In the above instances, the app publishers with whom we were in contact were all able to correct the highlighted issues and get back into the store. Now that we know what steps to consciously avoid, let’s dive into the designs that have yielded more favorable results.
Common trends and patterns
In the course of working with clients from a range of verticals, we noticed there are common trends that influence users’ response to Apple’s ATT pop-up. Here, we’ll look more closely at the variables that have the biggest impact.
Pinpointing the precise moment in the user journey to serve your opt-in request is arguably the most important factor to consider. From the testing results we’ve seen, the most successful prompts are displayed during the onboarding flow.
Include in the onboarding flow
Serving a pre-permission prompt as part of your onboarding flow helps to prepare users. It can act as a buffer, so they are not overwhelmed when the Apple pop-up appears. As they move through the onboarding screens, data privacy can be addressed as a topic on its own screen. Here, you can address the topic at a broad level, also including your GDPR messaging. This way, the user is not taken by surprise and instead understands the consent request in the same way as asking for the personal information; a non-intrusive formality.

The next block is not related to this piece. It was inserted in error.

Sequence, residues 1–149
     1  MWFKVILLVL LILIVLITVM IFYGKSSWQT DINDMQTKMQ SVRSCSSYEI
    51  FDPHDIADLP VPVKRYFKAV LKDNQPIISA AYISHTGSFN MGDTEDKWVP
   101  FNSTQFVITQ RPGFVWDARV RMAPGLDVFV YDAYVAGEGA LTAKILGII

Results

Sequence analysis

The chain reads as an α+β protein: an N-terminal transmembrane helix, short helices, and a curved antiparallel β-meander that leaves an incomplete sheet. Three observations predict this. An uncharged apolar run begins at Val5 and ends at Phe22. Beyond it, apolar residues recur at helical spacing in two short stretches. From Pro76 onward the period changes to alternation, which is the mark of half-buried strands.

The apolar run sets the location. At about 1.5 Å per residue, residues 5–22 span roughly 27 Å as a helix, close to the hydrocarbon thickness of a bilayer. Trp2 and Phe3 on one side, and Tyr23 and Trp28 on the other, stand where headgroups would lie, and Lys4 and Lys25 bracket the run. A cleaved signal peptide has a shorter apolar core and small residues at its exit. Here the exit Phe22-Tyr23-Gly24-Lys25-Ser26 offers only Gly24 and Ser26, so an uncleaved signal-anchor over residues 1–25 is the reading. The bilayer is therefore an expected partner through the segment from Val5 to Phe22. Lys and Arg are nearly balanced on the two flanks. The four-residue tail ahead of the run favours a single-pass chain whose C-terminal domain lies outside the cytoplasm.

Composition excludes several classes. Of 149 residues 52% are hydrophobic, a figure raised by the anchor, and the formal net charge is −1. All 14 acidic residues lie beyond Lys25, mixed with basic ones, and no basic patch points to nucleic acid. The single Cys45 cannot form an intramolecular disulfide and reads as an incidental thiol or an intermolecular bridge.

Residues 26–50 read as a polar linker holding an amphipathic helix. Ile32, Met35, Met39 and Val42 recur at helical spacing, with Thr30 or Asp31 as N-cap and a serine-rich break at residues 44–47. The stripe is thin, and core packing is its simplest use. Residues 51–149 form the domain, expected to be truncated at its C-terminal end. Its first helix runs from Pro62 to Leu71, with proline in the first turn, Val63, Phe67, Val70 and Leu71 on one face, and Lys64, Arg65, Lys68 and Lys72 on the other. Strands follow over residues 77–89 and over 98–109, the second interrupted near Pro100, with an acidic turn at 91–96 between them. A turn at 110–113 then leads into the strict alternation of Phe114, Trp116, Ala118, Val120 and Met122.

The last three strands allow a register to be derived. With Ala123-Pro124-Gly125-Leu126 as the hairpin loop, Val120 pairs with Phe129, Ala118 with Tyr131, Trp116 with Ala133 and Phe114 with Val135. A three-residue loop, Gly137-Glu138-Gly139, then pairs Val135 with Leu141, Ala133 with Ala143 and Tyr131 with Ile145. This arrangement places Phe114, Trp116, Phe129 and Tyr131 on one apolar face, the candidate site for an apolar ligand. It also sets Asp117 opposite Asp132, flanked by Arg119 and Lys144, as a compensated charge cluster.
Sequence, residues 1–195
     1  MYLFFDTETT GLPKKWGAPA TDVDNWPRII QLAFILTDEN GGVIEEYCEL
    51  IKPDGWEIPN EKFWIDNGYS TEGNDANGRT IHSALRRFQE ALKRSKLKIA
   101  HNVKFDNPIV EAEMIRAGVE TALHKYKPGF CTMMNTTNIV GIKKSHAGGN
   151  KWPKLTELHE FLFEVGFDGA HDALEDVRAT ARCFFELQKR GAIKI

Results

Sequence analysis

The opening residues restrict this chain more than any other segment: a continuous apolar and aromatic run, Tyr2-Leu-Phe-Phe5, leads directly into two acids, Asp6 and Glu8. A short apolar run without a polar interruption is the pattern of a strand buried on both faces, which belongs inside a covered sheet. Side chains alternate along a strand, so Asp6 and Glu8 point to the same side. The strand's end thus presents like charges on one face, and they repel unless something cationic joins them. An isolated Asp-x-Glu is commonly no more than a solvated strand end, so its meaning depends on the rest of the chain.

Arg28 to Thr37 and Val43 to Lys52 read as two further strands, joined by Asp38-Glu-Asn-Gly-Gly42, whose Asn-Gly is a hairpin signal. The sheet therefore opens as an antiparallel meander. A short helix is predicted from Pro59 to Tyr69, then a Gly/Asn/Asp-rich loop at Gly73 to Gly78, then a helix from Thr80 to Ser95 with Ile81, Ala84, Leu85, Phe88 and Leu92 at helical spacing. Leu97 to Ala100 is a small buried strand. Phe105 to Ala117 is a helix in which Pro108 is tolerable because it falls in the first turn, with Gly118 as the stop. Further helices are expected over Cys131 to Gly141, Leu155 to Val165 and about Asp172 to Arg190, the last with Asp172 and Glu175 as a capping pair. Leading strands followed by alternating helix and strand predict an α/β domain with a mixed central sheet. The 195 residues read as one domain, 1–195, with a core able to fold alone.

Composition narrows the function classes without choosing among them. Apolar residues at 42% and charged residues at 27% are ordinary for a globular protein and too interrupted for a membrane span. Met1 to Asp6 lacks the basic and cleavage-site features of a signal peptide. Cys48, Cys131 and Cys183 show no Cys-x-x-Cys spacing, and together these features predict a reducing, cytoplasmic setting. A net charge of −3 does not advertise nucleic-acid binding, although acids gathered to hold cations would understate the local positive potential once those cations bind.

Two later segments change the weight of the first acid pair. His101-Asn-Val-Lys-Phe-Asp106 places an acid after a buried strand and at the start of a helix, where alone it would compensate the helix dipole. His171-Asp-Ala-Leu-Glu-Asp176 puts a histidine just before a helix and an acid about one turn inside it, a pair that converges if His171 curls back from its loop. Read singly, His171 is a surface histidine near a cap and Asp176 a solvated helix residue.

Using a pre-permission prompt within your onboarding flow lets you serve the Apple pop-up in a way that feels natural. We have seen some very promising responses to this approach, with opt-in rates reaching 65%. However, remember that this approach can only be fully realised with new users.